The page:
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Ohio children's hospital leaders warn of 'perfect storm' of COVID and RSV cases

Hospital Hallway
Posted at 5:28 PM, Sep 07, 2021
and last updated 2021-09-07 20:07:56-04

CLEVELAND — Children’s hospitals across Ohio are sounding the alarm. They’re seeing more children in intensive care units, and more children on ventilators as we continue to deal with the highly contagious delta variant of COVID-19.

The warning came from a virtual press conference hosted by the Ohio Children’s Hospital Association with the CEOs and clinical leaders of six hospitals. They say they’re not only dealing with a spike in COVID cases, they’re also seeing historically high numbers of RSV cases, which typically don’t pick up until the fall and winter months.

“We are in a perfect storm,” said Chief of Staff at Cincinnati Children’s, Dr. Patty Manning-Courtney. As hospitals fill up with pediatric cases of COVID, RSV and mental health issues, it’s “putting a significant strain on our hospital systems," Manning-Courtney said.

Cincinnati Children’s was one hospital represented in the virtual gathering, along with Akron Children’s Hospital, UH Rainbow Babies & Children’s Hospital, Dayton Children’s, Nationwide Children’s, and ProMedica Russell J. Ebeid Children’s Hospital.

Every hospital leader shared concern about the rising number of children being admitted. Rainbow Babies provides 24/7 support to community emergency departments, urgent cares and referring clinics across 16 counties.

“We have had multiple occasions over the past week where a pediatric intensive care unit at Rainbow was full and we were unable to accommodate requests for babies or children requiring intensive care interventions," said hospital president Dr. Patricia DePompei.

As of Tuesday, Rainbow has more than 70 children hospitalized on an inpatient basis. DePompei said COVID-19 positivity rates among kids in Cleveland have reached 11%, mirroring what all the other hospitals reported. The number of children being seen in the Rainbow main campus emergency room is higher than has been seen in five years.

The hospitals' leaders say they keep in contact with each other at least once a week to compare notes and pour over the latest data. Their consensus was clear: The best way to protect a child who cannot yet be vaccinated is for the adults around them to get vaccinated.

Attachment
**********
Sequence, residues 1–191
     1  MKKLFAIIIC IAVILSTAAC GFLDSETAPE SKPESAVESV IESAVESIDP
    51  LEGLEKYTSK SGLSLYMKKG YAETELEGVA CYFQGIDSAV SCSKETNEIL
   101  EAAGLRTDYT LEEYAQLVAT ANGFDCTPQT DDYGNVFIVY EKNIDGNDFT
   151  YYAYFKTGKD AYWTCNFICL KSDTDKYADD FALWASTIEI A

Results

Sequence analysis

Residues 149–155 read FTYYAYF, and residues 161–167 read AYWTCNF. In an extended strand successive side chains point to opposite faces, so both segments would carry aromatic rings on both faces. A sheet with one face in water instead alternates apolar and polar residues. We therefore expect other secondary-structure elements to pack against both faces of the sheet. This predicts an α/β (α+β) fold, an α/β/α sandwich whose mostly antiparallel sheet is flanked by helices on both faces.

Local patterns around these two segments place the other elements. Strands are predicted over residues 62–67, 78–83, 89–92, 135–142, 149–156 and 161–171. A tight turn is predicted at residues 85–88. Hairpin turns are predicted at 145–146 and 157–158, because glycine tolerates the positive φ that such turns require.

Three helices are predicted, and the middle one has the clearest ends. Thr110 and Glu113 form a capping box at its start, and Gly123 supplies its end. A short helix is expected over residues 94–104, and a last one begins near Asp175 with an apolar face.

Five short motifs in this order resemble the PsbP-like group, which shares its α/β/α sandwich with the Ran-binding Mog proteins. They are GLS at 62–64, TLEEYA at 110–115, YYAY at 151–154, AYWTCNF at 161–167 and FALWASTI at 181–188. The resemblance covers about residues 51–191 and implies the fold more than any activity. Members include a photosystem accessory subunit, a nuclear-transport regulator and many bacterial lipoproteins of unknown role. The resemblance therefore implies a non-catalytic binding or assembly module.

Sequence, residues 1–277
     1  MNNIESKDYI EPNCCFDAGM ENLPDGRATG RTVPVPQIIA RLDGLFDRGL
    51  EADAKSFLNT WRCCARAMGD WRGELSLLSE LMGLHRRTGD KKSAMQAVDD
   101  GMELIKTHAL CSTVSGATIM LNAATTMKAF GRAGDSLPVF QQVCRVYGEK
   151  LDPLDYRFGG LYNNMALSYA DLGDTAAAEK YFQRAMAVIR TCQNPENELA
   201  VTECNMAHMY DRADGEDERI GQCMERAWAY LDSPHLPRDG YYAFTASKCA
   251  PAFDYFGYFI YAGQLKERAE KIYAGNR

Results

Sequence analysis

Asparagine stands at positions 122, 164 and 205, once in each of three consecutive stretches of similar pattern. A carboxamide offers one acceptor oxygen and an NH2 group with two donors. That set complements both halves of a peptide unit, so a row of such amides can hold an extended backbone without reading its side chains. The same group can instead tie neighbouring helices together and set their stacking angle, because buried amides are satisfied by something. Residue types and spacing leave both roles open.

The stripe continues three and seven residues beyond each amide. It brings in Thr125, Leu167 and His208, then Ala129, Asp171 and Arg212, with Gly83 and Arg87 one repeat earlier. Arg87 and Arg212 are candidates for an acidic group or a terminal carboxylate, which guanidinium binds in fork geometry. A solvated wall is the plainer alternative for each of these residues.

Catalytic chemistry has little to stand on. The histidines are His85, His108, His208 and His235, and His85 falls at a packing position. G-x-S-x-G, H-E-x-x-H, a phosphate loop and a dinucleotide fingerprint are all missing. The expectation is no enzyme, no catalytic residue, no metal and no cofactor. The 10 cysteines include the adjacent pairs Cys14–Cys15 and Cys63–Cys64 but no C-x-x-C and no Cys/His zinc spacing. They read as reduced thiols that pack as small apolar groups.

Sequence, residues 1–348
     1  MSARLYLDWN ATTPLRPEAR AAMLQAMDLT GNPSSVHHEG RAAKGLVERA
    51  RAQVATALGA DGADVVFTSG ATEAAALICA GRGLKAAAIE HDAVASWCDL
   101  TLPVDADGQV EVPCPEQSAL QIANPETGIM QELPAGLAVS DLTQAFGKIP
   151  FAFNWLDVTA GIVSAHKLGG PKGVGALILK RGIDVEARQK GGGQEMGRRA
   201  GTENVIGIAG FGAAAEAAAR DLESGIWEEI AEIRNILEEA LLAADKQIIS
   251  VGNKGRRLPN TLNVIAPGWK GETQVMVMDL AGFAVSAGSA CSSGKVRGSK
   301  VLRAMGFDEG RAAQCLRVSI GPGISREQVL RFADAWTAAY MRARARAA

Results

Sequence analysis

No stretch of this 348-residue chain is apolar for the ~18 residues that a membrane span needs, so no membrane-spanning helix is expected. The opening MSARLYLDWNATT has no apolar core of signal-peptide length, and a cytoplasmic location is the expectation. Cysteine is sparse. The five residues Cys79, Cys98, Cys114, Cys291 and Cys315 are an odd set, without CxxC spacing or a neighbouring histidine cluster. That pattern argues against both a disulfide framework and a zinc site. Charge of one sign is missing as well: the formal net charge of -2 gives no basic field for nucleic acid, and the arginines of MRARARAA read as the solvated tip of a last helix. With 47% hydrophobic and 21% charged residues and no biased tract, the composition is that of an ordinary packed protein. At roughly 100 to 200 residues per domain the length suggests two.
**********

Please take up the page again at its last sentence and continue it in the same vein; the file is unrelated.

“The risk of vaccine is minuscule and practically non-existent compared to the risk of getting COVID if you’re an adult or a child,” said Manning-Courtney.

As for the notion that children are largely being spared during the pandemic, the hospitals' leaders said delta is a different beast.

“Last year, we were relieved to be able to say that kids weren’t getting that sick,” explained Manning-Courtney. “I can’t say that anymore. I have to say that I’m worried and that we’re concerned, and your child could get sick, and there’s no way to predict who’s going to be the child that gets very, very ill.”

Everyone also stressed the importance of masks, saying the evidence of their efficacy is overwhelming. Dayton Children’s Chief Medical Officer and Vice President, Dr. Adam Mezoff, said masks “are critically important, they are safe, they’re effective. We have providers in them all day. It does not lower their oxygenation level. We’ve used them in surgery for centuries now.”

For parents concerned that mask mandates are affecting their child’s mental health, Akron Children’s Chief Medical Officer Dr. Robert McGregor said he checked with his behavioral health colleagues.

"They’ve not seen an increase in behavioral health services linked to wearing a mask at one of the schools in the neighborhood where I live," he said.

In Akron, Akron Children’s Hospital President & CEO Grace Wakulchik said “we saw over 500 patients in our ED and Urgent Cares and Quick Care just yesterday…probably about double what we could normally see at this time of year.”

This early spike in child hospitalizations is all the more concerning given the winter virus season is almost upon us. As Ohio Children’s Association President Nick Lashutka stressed, “We don’t know where the peak is…we don’t know what this year’s flu season will bring.”

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